US News & World Report: ‘Is It Time To Scale Back The War On Drugs?’

  • by Paul Armentano, NORML Deputy Director July 10, 2012

    The editors at US News & World Report are asking the question, ‘Is it time to scale back the war on drugs?’ They’ve assembled a round-table of participants to respond.

    Arguing in favor politics as usual are Kevin Sabet, former Senior Policy Adviser to President Obama’s Drug Czar and David Evans, Special Adviser to the Drug Free America Foundation. Predictably, neither author’s platitudes are resonating with US News readers. (Both Evans and Sabet have only 15 ‘up’ votes combined, versus some 650 ‘down’ votes.)

    Myself, Aaron Houston (Executive Director: Students for Sensible Drug Policy), and Neill Franklin (Executive Director: Law Enforcement Against Prohibition) take the opposite approach — and are much better received.

    You can read an excerpt from my commentary below:

    “It’s time for politicians to call for a truce in the so-called war on drugs. According to a 2010 investigation by the Associated Press, lawmakers have spent over $1 trillion dollars enforcing the drug war. Their actions have resulted in a quadrupling of the U.S. prison population since 1980, but little else. In fact, according to America’s present drug czar, Gil Kerlikowske, “in the grand scheme, [the drug war] has not been successful.”

    Least successful among the government’s drug war policies is its long-standing criminalization of marijuana. Since 1970, over 21 million U.S. citizens have been cited or arrested for violating marijuana laws. Yet despite this vigorous criminal enforcement, over 100 million Americans—including the president—acknowledge having consumed cannabis, and 1 in 10 admits using it regularly. Marijuana prohibition hasn’t dissuaded the general public from consuming cannabis or reduced its availability, especially among young people. But it has damaged the lives and careers of millions of people who were arrested and sanctioned for choosing to ingest a substance that is safer than alcohol or tobacco.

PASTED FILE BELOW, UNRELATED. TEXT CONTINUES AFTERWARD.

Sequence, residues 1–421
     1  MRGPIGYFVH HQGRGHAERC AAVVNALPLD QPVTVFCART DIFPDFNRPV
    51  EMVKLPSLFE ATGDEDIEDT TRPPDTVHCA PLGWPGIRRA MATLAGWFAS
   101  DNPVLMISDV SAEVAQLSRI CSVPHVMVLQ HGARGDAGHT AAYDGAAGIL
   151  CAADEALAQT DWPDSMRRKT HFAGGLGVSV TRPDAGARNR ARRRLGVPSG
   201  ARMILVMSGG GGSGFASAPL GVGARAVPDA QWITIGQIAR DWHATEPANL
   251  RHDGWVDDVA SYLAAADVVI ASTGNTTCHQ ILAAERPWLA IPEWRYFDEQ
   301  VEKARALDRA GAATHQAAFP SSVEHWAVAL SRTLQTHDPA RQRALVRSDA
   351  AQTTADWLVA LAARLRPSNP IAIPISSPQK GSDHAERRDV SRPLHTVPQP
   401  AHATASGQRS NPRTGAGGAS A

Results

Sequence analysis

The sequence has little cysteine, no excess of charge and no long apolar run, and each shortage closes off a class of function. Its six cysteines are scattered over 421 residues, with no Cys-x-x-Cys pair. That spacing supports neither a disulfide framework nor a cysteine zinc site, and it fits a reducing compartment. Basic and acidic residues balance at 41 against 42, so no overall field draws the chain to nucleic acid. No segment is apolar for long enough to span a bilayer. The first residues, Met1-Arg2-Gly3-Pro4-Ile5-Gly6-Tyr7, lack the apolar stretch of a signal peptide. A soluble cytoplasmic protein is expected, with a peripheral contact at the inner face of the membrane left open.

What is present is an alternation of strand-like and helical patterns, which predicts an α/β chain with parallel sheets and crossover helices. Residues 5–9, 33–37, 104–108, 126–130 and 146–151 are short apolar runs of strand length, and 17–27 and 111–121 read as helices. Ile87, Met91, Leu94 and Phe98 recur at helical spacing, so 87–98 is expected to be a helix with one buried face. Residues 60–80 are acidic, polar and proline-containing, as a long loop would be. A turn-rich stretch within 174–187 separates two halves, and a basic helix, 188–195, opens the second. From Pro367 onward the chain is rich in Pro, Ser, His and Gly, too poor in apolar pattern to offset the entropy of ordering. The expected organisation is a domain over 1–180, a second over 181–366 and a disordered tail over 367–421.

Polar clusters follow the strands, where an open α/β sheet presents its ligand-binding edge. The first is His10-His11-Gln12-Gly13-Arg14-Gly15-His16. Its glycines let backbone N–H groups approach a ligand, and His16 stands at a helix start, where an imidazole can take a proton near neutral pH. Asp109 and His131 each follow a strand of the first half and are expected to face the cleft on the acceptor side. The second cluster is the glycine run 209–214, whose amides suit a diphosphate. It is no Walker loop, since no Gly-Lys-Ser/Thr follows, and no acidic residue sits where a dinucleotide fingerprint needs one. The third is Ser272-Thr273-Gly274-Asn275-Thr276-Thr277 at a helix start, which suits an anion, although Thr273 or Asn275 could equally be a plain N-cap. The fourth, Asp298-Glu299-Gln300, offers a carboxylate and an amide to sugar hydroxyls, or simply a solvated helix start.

… Despite more than 70 years of federal prohibition, marijuana is here to stay. Let’s acknowledge this reality, cease ceding control of the marijuana market to untaxed criminal enterprises, and put it in the hands of licensed businesses.”

    Click here to read all of the round-table submissions and to cast your vote.

    35 Responses to “US News & World Report: ‘Is It Time To Scale Back The War On Drugs?’”

    1. Anonymous says:

      Love it

    2. TheOracle says:

      Wonderful. However, someone has got to get through to the Latin American leaders, read as Mr. Peña Nieto as the most important, that when U.S. citizens talk about supporting legalization that is only cannabis. Polls to not indicate support for outright legalization. I’m trying to get through to folks here in Mexico that that is what the American people will support, along the lines of Dutch style harm reduction with treatment and possibly in some cities and states there being support for safe injection rooms. Of course, methodone programs, etc. and other strategies along the lines of what Trimbos Instituut would advocate. The money Mexico is wasting on keeping marijuana from getting to the States could be used for badly needed economic development. If the money is ultimately coming from the U.S. then the U.S. could put it to better use to modernize more parts of Mexico.